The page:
BWW Review: LOVE FROM A STRANGER, Royal and Derngate
Agatha Christie and Frank Vosper's Love from a Stranger returns to the stage in this collaboration between Royal and Derngate and Firey Angel. And it's a disconcerting experience, as what starts off seeming like a conventional enough story turns into something altogether creepier.
Cecily Harrington (Helen Bradbury) has won a share of a sweepstake prize with her friend and flatmate Mavis. They're packing up their flat ready to rent it out, as Cecily's fiancé is about to return from Sudan ahead of their marriage and Alice Haig's Mavis is going travelling. But Cecily is already having second thoughts when American Bruce Lovell (Sam Frenchum) comes to view the flat.
From the start, the audience knows that Bruce is up to no good - he's sneaking photographs of her and sniffing her underwear within minutes of his arrival. But Cecily is oblivious, jilting her fiancé and running off with her exciting new man.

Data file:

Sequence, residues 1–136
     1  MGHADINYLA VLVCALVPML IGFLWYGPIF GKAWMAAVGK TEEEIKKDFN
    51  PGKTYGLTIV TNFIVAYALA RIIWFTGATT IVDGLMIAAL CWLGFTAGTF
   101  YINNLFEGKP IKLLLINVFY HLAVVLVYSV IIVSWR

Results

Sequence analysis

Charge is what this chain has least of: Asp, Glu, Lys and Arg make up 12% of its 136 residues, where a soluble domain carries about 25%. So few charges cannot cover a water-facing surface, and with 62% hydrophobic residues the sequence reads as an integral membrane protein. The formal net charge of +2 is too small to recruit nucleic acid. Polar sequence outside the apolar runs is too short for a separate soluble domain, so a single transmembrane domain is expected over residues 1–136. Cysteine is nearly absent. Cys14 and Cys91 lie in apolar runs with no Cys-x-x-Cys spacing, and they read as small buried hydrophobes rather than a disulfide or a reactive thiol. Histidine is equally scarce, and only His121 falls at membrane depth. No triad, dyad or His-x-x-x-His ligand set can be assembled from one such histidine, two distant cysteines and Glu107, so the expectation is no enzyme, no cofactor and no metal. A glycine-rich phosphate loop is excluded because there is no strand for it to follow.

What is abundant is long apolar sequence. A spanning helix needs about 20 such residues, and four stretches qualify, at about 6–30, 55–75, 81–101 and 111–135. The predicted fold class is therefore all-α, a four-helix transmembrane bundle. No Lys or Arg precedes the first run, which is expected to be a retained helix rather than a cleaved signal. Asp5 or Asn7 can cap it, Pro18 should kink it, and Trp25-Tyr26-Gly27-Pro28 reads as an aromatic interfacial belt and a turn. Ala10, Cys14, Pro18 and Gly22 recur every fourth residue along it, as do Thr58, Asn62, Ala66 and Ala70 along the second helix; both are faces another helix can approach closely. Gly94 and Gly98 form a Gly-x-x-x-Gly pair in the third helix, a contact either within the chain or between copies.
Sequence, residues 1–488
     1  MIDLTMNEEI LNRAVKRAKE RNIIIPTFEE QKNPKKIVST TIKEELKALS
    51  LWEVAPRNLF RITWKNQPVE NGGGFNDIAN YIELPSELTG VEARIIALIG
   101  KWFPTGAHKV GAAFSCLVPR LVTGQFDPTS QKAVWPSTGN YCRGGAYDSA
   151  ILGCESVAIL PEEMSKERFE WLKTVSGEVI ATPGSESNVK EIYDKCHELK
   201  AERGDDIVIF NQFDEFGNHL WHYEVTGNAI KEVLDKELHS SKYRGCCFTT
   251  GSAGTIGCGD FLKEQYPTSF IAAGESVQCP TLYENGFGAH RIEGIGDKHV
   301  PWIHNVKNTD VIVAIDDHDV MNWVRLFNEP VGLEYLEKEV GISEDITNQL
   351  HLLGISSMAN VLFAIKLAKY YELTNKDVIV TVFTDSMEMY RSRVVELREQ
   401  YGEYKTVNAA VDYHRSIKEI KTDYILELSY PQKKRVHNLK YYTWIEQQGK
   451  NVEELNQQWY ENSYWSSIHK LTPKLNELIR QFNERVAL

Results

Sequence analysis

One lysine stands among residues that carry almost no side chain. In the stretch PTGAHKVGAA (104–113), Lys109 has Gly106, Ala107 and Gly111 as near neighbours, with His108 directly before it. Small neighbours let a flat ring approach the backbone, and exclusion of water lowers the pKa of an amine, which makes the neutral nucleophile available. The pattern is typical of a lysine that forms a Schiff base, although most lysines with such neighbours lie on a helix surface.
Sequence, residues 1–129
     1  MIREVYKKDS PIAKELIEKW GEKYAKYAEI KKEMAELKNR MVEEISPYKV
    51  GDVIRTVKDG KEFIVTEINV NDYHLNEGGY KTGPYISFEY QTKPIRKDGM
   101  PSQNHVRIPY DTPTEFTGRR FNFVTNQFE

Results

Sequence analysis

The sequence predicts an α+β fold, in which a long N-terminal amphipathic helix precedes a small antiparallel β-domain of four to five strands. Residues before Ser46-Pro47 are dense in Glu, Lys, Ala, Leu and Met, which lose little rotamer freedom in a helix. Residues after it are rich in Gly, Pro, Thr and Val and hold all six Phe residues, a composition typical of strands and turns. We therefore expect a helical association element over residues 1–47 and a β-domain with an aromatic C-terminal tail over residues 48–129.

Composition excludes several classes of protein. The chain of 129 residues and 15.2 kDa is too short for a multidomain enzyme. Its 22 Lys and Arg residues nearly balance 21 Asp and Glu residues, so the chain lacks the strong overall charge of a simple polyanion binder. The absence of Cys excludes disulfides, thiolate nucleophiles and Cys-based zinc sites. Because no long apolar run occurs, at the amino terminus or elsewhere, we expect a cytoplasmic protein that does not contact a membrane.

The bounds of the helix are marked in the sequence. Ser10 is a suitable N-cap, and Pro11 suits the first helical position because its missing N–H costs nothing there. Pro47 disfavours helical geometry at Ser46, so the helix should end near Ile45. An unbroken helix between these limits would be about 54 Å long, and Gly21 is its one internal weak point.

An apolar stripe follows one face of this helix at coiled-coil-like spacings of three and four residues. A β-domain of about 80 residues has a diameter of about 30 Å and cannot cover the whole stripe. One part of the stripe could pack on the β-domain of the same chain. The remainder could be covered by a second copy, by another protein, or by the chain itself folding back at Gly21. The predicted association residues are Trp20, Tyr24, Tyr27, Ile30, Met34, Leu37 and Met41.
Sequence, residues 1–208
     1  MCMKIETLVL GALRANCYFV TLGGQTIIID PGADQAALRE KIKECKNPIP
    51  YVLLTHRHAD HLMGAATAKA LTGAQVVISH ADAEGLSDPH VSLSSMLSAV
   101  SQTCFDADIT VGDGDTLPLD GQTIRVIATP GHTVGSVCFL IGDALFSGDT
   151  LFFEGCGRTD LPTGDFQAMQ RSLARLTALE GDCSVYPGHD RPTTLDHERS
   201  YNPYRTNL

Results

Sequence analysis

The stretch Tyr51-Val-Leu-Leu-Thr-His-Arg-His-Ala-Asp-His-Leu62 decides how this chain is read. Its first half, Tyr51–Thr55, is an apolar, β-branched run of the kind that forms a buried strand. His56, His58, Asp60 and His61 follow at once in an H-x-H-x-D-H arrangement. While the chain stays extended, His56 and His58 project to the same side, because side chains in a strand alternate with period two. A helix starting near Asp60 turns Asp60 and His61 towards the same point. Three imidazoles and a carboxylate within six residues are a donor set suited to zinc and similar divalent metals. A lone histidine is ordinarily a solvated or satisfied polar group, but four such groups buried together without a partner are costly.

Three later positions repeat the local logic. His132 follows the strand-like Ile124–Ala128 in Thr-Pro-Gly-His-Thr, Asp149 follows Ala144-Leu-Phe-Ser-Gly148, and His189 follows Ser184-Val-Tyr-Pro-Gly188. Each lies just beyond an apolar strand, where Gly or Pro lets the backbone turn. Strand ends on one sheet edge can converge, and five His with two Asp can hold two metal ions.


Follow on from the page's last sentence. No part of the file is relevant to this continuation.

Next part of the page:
At first, Bruce's presence seems merely incongruous compared to the seemingly more traditional drawing room comedy of the interactions with Mavis and Auntie Lou, but it's soon very clear that Cecily is in dangerous waters as she's swept off her feet by her new beau.
Bradbury is excellent as Cecily, lulling the audience into a false sense that they know exactly who she is, but I wasn't always completely sold on Frenchum's Lovell - for me, he wasn't always smooth enough to overcome the audience's knowledge that he's a creep, in order to be able to believe that Cecily could be seduced him.
Lucy Bailey's previous show at Royal and Derngate, Gaslight, proved that she can do atmospheric and suspenseful, and this gives the audience a slow build to a big finish. In fact, at times the build is so slow the audience doesn't realise that it's happening at all, which can be a little frustrating.
Mike Britton's clever set design has pieces sliding around to further disconcert and effective uses of blackout and sound effects set your nerves on edge. I found myself wanting a little bit more payoff, but that might just be because it's all so very discombobulating.
This somewhat forgotten Christie isn't what most people will be expecting - no gentle but clever Miss Marple here to solve a crime - but that works in its favour as it sneaks its way towards the big climax.
Photo credit: Sheila Burnett